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Friday, August 9, 2013

Beware of scammers seeking personal information

There are several kinds of scams going on around here, involving phony utility and IRS personnel, warns Pfc. Brendan Murphy, the crime prevention officer at the Mason Police District.

According to an email alert from Murphy, there has been an increase in complaints involving residents who have received emails or phone calls stating their utilities or phone/internet service will be immediately shut off unless payment is made via prepaid credit card or an online form that asks for personal banking information.

“Both of these options are never standard for companies and should you receive one, please call and check with the customer service number from your bill/invoice,” Murphy says. “Don’t call a number provided by the ‘scammer.’ Also be wary of utility personnel coming to your home for unscheduled repairs or maintenance checks.”

A recent scam under investigation by the Reston Police District involved a couple bilked out of thousands of dollars by an unknown suspect claiming to be affiliated with the Internal Revenue Service. The caller also claimed to be holding a family member in exchange for numbers associated with prepaid money cards in the victim’s possession. The victim relinquished information from the cards and the money was gone. No family member was actually held against their will.

“In general, if anyone, except a legitimate business, asks for your card numbers, it could be a scam,” Murphy says. “Avoid using money card numbers if someone contacts you regarding prize winnings or sweepstakes, and do not use card numbers to purchase something from a classified advertisement. Do not give your card numbers to another person, unless you are absolutely certain of their credibility.”

“In most cases, the money lost from this type of scam is not insured, so when it is gone, it is gone,” he says.

In another recent scam, already reported here, there were at two incidents in Mason District where someone claiming to be from Fairfax Water attempted to enter residents’ homes. In one incident, a man with a clipboard convinced a woman on Annandale Street that he needed to check something at the back of her house. While they were there, someone else entered the house and stole money from the woman’s purse. In the other incident, the potential victim refused to let the imposter into her house.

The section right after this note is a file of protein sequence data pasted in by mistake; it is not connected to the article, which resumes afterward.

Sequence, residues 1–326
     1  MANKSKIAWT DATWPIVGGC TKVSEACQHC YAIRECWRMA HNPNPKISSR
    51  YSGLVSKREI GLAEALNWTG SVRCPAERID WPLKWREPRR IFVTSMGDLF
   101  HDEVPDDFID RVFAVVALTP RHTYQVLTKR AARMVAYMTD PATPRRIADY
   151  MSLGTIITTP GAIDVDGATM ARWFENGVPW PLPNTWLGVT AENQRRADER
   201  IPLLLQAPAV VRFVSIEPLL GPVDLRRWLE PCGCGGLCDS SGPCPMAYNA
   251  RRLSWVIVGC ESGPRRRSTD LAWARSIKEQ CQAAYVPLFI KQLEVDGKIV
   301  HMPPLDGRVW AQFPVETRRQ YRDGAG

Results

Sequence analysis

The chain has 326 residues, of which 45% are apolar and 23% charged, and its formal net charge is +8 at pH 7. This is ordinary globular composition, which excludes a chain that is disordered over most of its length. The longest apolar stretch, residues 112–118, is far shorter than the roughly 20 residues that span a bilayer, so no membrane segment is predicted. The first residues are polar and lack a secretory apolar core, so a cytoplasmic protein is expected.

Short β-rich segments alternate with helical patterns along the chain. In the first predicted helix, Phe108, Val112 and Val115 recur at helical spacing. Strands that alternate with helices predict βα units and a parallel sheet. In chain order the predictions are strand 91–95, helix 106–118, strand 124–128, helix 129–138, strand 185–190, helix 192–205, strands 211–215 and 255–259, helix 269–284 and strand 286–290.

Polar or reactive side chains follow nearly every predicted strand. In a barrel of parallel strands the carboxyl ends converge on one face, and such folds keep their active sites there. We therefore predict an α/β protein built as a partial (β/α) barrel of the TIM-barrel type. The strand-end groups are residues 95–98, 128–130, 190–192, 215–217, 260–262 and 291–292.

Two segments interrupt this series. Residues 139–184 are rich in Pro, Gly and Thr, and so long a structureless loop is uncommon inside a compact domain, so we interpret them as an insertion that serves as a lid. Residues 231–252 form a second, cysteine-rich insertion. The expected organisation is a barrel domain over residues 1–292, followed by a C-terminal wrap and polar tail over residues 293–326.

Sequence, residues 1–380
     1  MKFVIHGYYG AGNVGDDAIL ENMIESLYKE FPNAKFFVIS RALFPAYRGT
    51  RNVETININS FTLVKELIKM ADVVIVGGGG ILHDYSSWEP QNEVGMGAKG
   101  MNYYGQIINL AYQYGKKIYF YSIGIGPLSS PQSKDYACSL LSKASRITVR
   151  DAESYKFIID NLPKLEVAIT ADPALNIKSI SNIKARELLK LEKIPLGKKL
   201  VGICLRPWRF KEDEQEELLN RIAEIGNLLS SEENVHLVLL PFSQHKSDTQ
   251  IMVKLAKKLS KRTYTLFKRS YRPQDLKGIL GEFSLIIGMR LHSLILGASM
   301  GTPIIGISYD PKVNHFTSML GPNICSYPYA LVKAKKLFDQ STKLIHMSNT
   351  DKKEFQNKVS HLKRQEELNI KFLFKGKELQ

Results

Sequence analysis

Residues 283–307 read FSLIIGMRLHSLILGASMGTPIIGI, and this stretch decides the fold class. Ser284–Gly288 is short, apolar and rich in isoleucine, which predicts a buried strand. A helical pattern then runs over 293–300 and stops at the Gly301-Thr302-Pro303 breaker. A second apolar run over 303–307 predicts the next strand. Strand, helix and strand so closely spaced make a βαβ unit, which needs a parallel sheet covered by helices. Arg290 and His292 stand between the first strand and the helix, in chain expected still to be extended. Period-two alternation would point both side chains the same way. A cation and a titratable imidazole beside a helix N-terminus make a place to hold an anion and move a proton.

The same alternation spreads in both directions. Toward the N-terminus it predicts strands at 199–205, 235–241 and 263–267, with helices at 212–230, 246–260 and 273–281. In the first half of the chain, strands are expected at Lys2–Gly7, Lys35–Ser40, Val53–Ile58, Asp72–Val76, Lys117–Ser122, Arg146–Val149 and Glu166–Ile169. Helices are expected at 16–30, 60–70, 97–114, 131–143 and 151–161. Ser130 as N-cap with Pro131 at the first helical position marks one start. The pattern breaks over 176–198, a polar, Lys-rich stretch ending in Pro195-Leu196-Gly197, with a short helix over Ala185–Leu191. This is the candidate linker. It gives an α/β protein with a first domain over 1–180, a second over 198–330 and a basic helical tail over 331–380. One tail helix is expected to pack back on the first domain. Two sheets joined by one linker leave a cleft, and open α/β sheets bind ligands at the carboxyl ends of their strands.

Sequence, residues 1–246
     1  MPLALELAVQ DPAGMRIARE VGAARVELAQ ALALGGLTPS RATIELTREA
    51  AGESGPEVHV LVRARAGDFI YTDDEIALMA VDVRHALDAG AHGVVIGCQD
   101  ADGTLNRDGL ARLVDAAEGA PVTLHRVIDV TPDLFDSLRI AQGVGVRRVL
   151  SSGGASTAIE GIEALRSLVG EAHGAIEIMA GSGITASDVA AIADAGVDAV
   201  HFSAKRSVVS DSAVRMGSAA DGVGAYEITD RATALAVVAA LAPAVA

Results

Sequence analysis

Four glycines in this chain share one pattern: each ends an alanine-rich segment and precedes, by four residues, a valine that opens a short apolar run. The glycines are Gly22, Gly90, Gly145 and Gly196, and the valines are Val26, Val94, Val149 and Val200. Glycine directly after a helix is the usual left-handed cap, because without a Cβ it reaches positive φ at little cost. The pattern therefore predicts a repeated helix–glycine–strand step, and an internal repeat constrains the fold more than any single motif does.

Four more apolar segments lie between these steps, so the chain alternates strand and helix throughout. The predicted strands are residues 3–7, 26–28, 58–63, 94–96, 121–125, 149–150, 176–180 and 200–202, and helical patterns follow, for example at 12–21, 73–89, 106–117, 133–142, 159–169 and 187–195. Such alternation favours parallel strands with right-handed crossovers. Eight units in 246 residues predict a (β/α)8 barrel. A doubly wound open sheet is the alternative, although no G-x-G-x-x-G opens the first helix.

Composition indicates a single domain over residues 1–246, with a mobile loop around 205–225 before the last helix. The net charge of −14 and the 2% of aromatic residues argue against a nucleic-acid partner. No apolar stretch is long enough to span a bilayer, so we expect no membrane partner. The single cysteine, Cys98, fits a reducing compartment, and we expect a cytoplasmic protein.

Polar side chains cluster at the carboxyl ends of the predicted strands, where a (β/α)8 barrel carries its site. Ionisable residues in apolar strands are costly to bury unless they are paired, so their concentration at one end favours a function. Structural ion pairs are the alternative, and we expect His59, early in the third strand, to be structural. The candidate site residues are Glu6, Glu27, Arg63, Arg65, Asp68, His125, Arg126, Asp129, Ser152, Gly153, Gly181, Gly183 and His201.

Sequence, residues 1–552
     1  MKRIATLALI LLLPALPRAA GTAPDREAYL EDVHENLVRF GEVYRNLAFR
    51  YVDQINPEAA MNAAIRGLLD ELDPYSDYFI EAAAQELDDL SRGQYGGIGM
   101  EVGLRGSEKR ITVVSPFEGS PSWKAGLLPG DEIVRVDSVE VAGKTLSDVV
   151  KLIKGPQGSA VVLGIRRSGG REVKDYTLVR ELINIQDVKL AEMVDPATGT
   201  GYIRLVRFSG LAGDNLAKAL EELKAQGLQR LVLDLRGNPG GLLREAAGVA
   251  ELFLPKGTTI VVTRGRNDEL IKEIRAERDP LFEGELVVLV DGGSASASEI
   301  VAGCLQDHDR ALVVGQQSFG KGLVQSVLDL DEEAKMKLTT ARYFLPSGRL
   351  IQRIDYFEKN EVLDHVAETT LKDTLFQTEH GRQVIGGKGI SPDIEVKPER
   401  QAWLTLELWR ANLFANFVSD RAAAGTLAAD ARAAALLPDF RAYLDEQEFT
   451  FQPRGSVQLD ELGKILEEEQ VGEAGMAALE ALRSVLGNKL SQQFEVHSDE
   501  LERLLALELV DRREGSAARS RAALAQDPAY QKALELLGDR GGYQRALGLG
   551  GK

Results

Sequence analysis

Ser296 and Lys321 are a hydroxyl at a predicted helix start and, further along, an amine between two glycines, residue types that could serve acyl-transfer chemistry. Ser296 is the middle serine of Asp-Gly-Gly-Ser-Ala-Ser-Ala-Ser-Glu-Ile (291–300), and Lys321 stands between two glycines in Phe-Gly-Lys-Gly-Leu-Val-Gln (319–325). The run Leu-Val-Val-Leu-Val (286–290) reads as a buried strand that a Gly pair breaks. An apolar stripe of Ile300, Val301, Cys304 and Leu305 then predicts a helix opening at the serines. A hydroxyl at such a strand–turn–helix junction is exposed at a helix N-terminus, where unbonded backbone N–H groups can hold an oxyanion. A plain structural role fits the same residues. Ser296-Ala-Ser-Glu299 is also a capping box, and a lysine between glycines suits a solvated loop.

Police urge residents to be vigilant and ask all visitors to show identification before allowing them onto their property. If they claim to be from Fairfax Water, call 703-698-5800 to verify.

Fairfax Water employees do not receive or accept any form of payments during service calls, do not collect water-service fees door-to-door, and do not need to get inside a home to read a meter.

If you think someone is trying to scam you, report it to the police immediately. If you see a suspicious person in your neighborhood or receive a suspicious phone or email, call the police non-emergency number, 703-691-2131.

An alert from the McLean Police District warns residents about a regional scam that involves fraudulent financial interactions taking place in public parking lots.

On Aug. 5, a 30-year-old man was approached in a parking lot at the Home Depot in Seven Corners area at around 3 p.m. The suspect asked the victim for a ride to Washington, D.C., and showed him large amounts of cash.

The victim agreed and they engaged in lengthy discussions during the drive. The suspect convinced the suspect to withdraw money from an ATM and following a conversation about the safety of U.S. banking institutions and “trust,” the suspect walked away with $9,000 that the victim had given him.

The following day, a 68-year-old man was approached by two men in the parking lot of the Home Depot in Merrifield at around 3 p.m. The man asked for help and directions. As the conversation continued, the victim eventually was convinced to withdraw a large sum of money from a bank and hand it over. 

In both of those cases, the suspects are described as black with a Jamaican or heavy foreign accents and ranging in age from the 40s to 60s.

Here are some more tips to avoid being scammed:

•    If someone claims to be from Dominion, do not give any personal information over the phone or to someone that knocks on your door. Hang up and call the Dominion customer service number on your utility bill (866-DOM-HELP or 866-366-4357).
•    Never provide your Social Security number, credit card number, or banking information to anyone requesting it over the phone or at your home unless you initiated the contact and feel confident about the person with whom you are speaking.
•    Always pay your bills with your own personal information; never pay your bills with information that is not your own.
•    Beware of the door-to-door sales approach. Never allow anyone into your home to check electrical wiring, natural gas pipes, or appliances unless you have scheduled an appointment or have reported a utility problem. Always ask utility employees for proper identification.

•    If you have already provided information to someone claiming to offer a service, contact your bank immediately. Also contact the three national credit bureaus—Equifax, Experian, and TransUnion—and have a notation made on your account so it doesn’t hurt your credit rating.

•    Share this information with friends and family so they do not become victims. Elderly victims are common in this type of scam, but anyone who pays a utility bill is a potential target.

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